The mating ritual of bees is amazing. Mating takes place up to a mile away from the hive and sometimes 300 feet in the air. The young queen takes her virgin flight to meet with a swarm of drones willing to end their lives just to mate with her once. She will stay fertile for the rest of her life.
A hive is made of three types of bee.
There is the worker bee. They are the lifeblood of the hive. All workers are females. They collect nectar, draw up wax, make honey, care for the queen, feed the young, protect the hive and regulate temperature.
The second bee is the queen. There is one queen per hive. Her primary role is to mate and lay eggs. She is the largest bee in the colony and will only leave the hive to mate.
The third bee is the drone bee. These are the only male bees of the hive. Their only role in the colony is to mate with the queen.
The queen bee and the drones have a very interesting relationship.
Though the queen will take several mating flights as a young bee, these few trips will be the only time she leaves the hive for the rest of her life. She will store millions of sperm inside her and this will fertilize all her eggs. And she has a lot! Sometimes she will lay up to 2000 eggs a day and she can live up to 5 years.
The drones from neighboring beehives will collect in swarms in the sky about 200 to 300 feet in the air. The queen sets out for her mating flight and the drone swarm finds her. The drones use their large eyes to spot the queen. The queen will mate with several drones, around 10 to 20. This variety of mates helps to change up the genetics of future offspring.
A drone has a rather interesting and sad life. Drones are born from an unfertilized egg. This can happen in two ways. Either a worker bee (which will never mate) lays an unfertilized egg, or the queen lays an egg that isn’t fertilized by chance. Because of this, the drones have a different number of chromosomes than the female bees.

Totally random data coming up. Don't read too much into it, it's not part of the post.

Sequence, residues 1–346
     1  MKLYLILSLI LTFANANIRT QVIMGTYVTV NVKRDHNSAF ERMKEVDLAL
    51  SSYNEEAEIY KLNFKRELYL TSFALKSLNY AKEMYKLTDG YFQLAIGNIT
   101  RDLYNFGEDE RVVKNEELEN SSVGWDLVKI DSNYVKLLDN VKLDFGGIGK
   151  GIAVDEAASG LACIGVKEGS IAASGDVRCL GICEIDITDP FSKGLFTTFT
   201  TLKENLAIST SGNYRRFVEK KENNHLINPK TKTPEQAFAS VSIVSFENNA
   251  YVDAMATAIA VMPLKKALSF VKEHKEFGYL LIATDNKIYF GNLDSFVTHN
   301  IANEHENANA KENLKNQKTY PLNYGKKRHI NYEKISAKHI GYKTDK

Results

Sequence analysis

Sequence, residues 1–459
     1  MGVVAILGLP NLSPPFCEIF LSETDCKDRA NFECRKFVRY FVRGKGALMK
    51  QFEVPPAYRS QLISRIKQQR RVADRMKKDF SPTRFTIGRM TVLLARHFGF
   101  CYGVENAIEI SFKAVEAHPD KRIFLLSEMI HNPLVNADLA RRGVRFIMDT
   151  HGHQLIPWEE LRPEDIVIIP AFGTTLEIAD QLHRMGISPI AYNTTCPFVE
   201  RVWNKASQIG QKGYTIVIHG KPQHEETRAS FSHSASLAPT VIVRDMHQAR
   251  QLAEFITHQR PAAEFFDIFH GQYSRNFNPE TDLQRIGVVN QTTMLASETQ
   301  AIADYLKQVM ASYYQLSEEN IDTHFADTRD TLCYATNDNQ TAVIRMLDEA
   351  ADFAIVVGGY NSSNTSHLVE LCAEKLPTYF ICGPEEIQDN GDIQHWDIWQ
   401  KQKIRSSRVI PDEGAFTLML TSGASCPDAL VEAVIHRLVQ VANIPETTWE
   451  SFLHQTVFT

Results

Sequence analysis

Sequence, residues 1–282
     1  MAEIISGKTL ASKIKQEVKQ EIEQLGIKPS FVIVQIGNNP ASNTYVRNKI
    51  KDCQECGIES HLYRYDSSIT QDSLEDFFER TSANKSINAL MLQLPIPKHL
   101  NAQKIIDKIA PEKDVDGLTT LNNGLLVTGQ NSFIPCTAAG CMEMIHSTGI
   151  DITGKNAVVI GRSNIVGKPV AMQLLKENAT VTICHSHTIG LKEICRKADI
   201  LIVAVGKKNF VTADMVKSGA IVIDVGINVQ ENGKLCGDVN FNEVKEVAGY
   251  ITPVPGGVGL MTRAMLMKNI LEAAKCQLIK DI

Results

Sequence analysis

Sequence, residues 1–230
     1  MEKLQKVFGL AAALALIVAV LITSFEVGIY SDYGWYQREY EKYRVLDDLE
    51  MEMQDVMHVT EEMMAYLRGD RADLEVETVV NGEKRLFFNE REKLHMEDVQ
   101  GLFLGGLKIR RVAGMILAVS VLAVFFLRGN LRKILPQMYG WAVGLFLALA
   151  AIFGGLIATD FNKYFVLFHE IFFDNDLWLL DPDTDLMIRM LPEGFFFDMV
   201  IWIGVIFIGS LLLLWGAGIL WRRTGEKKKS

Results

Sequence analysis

Drones are the only male bees in the hive. Drones are larger than worker bees but not as large as the queen. They have a plump abdomen and have very large eyes used to spot the queen during mating. They cannot sting. They do not produce honey, or draw wax. Drones must be fed and cared for by worker bees.
Really, drones only have one useful role in the hive (besides helping to regulate temperature like every bee) and that is to mate with a queen. Drones don’t necessarily mate with their own queen, but instead, they gather outside the hive with other drones from neighboring colonies.
It’s like a mating meeting place.
Drones collect in mating swarms up to a mile away from the hive. They swarm about 200 to 300 feet in the air. They use their large eyes to scope out any queens that might be looking for a mate.
When they spot a queen bee, they attach themselves mid-flight and insert the sex organ. The drone’s reproductive organ is barbed. These barbs help him to stay attached to her during the flight. Unfortunately though, much like when a worker bee stings, when he detaches from the queen, the organ stays inside the queen and the organ is ripped away from the drone along with part of his abdomen. He dies shortly after mating. The next drone to mate with the queen will remove the organ and insert his own.
If a drone doesn’t meet his doom through the harsh results of mating then he will live only until the following autumn. When the cooler weather sets in, the worker bees will force the drones from the hive and they are left homeless, hungry, and eventually the cold takes them.
I found this amazing video that uses high speed cameras and mini helicopters to capture the mating flight of the queen bee. Check it out!